With the introduction of Dewey’s new all-music curriculum to the classroom, the kids discover their own voices, ones which are not heard by their parents (Fellowes book wisely gives theatergoers a glimpse into the kids lonely home lives), and as the students become more self-assured and confident with the new musical language they learn, the show builds toward the joyous and anti-establishment “Stick It to the Man.”
Dewey’s plans for his new group, named “School of Rock,” naturally hits some snags. There’s the thorny issue of permission slips that arises when he wants to take the students to audition for the competition, and he also needs to make sure that no one discovers that he’s not really a teacher. Romance with Rosalie also plays into the mix.
These aspects of the show don’t always delight as much as the parts that focus on the kids, but they need to be part of the mix. Thankfully, Fellowes’ book and Lawrence Connor’s efficient production make sure that the young performers—with Dewey at their side—are never far from the spotlight.
That’s a good thing because whether it’s Brandon Niederauer’s Zack riffing with astonishing intensity on the electric guitar, Dante Melucci’s Freddy providing a thundering drum solo, Jared Parker’s Lawrence jamming out some nifty improvisations on keyboard, or Evie Dolan’s Katie providing thundering beats on bass, the youthful ensemble always enchants. This extends to Bobbi Mackenzie, who gets to offer up a terrific surprise in her turn as the so-shy-she-doesn’t-speak Tamika; and Luca Padovan, who garners laughs with a perfect sense of comic timing.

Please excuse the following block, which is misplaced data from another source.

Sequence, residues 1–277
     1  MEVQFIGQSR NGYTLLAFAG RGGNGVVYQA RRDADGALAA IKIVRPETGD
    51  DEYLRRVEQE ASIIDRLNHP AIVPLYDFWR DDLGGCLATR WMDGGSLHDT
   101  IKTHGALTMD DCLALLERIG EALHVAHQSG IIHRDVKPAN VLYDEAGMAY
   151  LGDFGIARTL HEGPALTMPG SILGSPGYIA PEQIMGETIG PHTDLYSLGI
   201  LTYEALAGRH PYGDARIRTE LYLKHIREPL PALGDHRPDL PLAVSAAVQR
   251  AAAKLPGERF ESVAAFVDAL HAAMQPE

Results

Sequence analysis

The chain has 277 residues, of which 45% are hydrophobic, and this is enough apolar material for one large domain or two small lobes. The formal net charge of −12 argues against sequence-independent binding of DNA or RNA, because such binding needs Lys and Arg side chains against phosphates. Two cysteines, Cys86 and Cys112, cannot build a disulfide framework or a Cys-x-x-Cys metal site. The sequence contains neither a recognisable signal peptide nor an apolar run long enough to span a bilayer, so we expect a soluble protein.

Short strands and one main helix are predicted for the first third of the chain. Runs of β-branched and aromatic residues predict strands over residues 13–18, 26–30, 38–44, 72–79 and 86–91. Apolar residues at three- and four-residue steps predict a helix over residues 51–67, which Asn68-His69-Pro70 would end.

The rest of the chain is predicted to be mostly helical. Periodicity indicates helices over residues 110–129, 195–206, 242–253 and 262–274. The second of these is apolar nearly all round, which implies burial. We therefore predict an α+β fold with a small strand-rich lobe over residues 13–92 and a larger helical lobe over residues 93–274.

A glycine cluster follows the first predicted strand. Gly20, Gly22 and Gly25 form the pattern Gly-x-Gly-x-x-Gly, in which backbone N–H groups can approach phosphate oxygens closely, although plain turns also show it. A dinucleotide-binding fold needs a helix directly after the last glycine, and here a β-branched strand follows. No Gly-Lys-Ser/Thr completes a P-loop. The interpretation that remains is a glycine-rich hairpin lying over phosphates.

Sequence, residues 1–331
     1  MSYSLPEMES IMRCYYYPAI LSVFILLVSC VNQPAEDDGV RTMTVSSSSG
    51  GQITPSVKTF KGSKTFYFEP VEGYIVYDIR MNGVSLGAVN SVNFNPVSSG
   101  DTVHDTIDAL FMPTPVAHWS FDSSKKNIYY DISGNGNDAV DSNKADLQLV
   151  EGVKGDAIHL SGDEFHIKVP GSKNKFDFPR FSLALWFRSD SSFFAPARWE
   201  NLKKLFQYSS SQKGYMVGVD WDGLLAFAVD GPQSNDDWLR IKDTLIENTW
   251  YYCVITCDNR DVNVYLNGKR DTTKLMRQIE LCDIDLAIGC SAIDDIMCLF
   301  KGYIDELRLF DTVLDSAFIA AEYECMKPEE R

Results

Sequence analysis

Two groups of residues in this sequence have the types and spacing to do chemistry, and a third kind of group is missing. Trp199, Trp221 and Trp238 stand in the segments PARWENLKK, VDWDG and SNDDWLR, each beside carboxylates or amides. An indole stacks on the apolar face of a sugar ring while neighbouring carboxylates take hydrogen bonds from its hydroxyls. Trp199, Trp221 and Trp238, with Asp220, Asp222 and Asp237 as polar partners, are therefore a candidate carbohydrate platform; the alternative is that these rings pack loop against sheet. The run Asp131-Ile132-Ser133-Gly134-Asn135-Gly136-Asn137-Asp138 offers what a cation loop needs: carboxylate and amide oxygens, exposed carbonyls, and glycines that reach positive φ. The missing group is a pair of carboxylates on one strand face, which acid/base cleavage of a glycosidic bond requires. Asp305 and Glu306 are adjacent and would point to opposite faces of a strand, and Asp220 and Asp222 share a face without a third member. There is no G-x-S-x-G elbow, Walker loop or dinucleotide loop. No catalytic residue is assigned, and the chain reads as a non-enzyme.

As for Brightman, he makes Dewey a prickly and acerbic almost-loser who’s nearly impossible to not love. Brightman’s gift for humorously letting loose with wild abandon extends from the character's first zany guitar riff. He delights as he improvises both a Thanksgiving lesson when the principal shows up unexpectedly in his classroom and a goofy sung-through math lesson when Rosalie decides to observe his nontraditional teaching techniques.
More important, Brightman understands how to carefully calibrate Dewey’s rougher qualities. Calling a group of kids “douchebags” and not making theatergoers wince is a feat unto itself.
Anna Louizos’ marvelous scenic design straddles the rarified world of the school and high-tech world of pop music, and her costume designs burst with wit. Her ensembles for the kids’ folks tell audiences everything they need to know about these adults and the transformation that the school uniforms undergo is side-splitting. Lighting designer Natasha Katz’s work also sparks with a duality perfect for the show.
Lloyd-Webber’s score also shifts between the pulsing rock so near and dear to Dewey’s heart (and later the kids’). He provides a couple of classically-based numbers that set the tone of the school, and even shifts over to a lighter pop sound for “If Only You Would Listen,” a beautifully plaintive number that the kids deliver about their problems at home. But as good as this latter number might be, it’s the rock tunes that linger well after the curtain has fallen on immensely enjoyable new show.
---- Andy Propst
School of Rock -- The Musical plays at the Winter Garden Theatre (1634 Broadway). For more information and tickets, visit: schoolofrockthemusical.com.